Because most philosophies that frown on reproduction don't survive.

Wednesday, August 26, 2009

Jesus is Not My Pal

One of the elements of modern (often Evangelical, but sometimes Catholic) spirituality that I find most foreign is when people talk about Christ as being "my best friend." It seems an even more familiar form of the relationship suggested by hopeful missionaries, "Do you have a personal relationship with Jesus Christ?"

It's possible to err in either direction on these things, and I make no representation that I am a perfect Christian, but I don't think of myself having a "personal relationship" with Christ, certainly in a "best friends" kind of way. The ways in which I would normally envision Christ are not guy-next-door, my-buddy-the-savior kind of images. Christ the King, enthroned in eternal splendor into union with whom all Christians wish to enter for life everlasting. Christ Crucified, pouring out his blood for the sins of the whole world. Christ Risen, triumphing over the reign of death which had doomed humanity since the Fall. Christ in the Eucharist, kneeling before the glittering monstrance in which the Body of Christ forms the center of a sunburst of golden rays, with the crucifix above and the tabernacle behind.

This is not to say that I see Christ as distant. But while not a sparrow falls without the Father knowing it, you can hardly expect a sparrow to understand God, much less consider himself God's friend. God knows us better than we know Him, because we are understandable to Him in a way that He is not to us. I wouldn't say that I feel distant from God. Indeed, the reality of God is as foundational to my ability to understand the world as are the non-material qualities of Good, Justice, Mercy and Beauty which spring from Him, and as basic to life as the physical laws and order of creation.

Though in many ways a classical liberal, in personal as in political life, suspicious of too much power concentrated in one person -- Christ is the king to which my knee bends eagerly, the perfection which deserves utter love and obedience, the authority which is at the same time absolute and freeing.

Certainly, all this represents a relationship between persons. Christ is one of the three persons of the Trinity; we are persons made in God's image. Yet I find it hard to think of it as a "personal relationship" in the sense that I take the phrase to be meant. And it certainly is not what I would think of as a "best friend" relationship. When I look for Christ, my gaze is naturally upward. I don't picture throwing my arm around His shoulders and asking, "How's it going, buddy?"

13 comments:

bearing said...

I agree with you and have a similar feeling, or reaction, to the "Christ is my best friend" sort of thing.

But I think it's best understood as an attempt to express the perfect knowledge Jesus Christ has of each individual -- that He knows me better than anyone else knows me, including myself -- and the intention Jesus Christ has to save each individual -- that Jesus Christ didn't just die to save everybody, He died to save me.

I prefer to emphasize a more corporate, Church-centered, we're-all-in-the-barque-of-Peter-together view of salvation over the individual one. But the individualistic view is also a true way of looking at salvation. And I think the "personal relationship with Jesus" thing is an expression of it.

The problem with the "best friend" image isn't its intimacy, it's that it implies an equality. We are divorced from an idea of the relationship between a man and his Lord and Master as an intimate one. If we can envision a relationship like this that is as intimate or more intimate than the best of friends, we will be getting back on track.

Melanie B said...

"We are divorced from an idea of the relationship between a man and his Lord and Master as an intimate one. If we can envision a relationship like this that is as intimate or more intimate than the best of friends, we will be getting back on track."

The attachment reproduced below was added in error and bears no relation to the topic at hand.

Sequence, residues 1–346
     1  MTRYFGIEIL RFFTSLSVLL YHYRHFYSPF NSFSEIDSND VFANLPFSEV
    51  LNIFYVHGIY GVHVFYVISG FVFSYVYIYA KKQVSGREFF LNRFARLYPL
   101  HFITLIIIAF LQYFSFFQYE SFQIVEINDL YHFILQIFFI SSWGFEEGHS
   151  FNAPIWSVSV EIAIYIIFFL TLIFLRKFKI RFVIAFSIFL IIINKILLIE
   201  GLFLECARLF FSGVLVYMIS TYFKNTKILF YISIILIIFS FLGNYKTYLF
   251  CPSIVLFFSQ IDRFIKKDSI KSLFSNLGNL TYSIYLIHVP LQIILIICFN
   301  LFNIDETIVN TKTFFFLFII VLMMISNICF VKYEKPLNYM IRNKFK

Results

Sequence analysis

I think that's about right. Perhaps we can look to Frodo and Sam for an example of that intimate master-servant relationship. Or if you're a Dorothy Sayers fan, Lord Peter and Bunter. Or even Jeeves and Bertie Wooster. I think all of those start to get at the intimate but unequal relationship. No one can deny that each of them is rooted in deep love; but there's still a basic inequality.

I wonder if this "Jesus is my pal" mebntalty is mostly an American phenomenon? And, if so, could it be rooted in our inherent distrust for anything smacking of classism?

Catholic Bibliophagist said...

Your posts reminds me of plaques I've seen in Christian gift catalogues which show "my buddy Jesus" playing baseball with one or more kids (who presumably represent the recipient of this tacky gift). Makes me cringe.

(I can't figure out how I ever got on their mailing list.)

Rebekka said...

In spite of the fact that some people have "issues" with the bearded oldster in the clouds cliche of God, I think that the parent-child imagery suits the unequal-but-intimate nature of the relationship between God and man(kind). Although it can be humbling to entertain the notion that in some respects I am the equivalent of a toddler who refuses to accept the advice of a parent who "knows best". (OK, in a lot of respects. Temper tantrum much?)

To Melanie B: I have never met the Jesus + me = BFF mentality anywhere except the US. And it never fails that when I'm in the States some random stranger sidles up to me in a public place and embarrasses me terribly by asking me if I'm aware that Jesus loves me. ("Um, yeah." "No, I mean, do you REALLY know?")

Jamie said...

I mostly agree with what you're saying, but it is harder to see the fully human nature of Christ in the examples you provide -- Christ who is "like us in all things but sin," who would go to a wedding and make sure there was plenty of wine for the guests to drink, who could become weary and sleep even when his disciples were frightened, and who could weep at the death of his friend.

I have struggled with perfectionism for as long as I can remember, and I have learned that it is essential for me to keep my eyes on Christ's choice to accept the limits of a human frame. If I look only to the exalted Lord, crucified, risen, ascended into Heaven, it is easy for me to get stuck in perfectionist hell -- which is unpleasant as well as unproductive.

I wonder if perhaps the "best friend" thing grew out of youth ministry as a way to reach teens for whom relationships with friends can be supremely important. He did say to his disciples "I call you friends."

Anonymous said...

I think you have raised an important point and unfortunately too many of our (corporate) liturgical expressions seem to ignore the bending-the-knee-in-adoration-to-Christ-our-King reverence we are indeed supposed to have. Nevertheless, as Bearing touches on, we are also called to the kind of personal relationship that the apostles had with Christ, a theme which the Pope explores in his recent biography of Jesus. Even with our "best buds" we should seek to develop the type of true intimacy that matures beyond just sharing a drink or ball game, otherwise how are we helping each other sanctify our lives?

Diana said...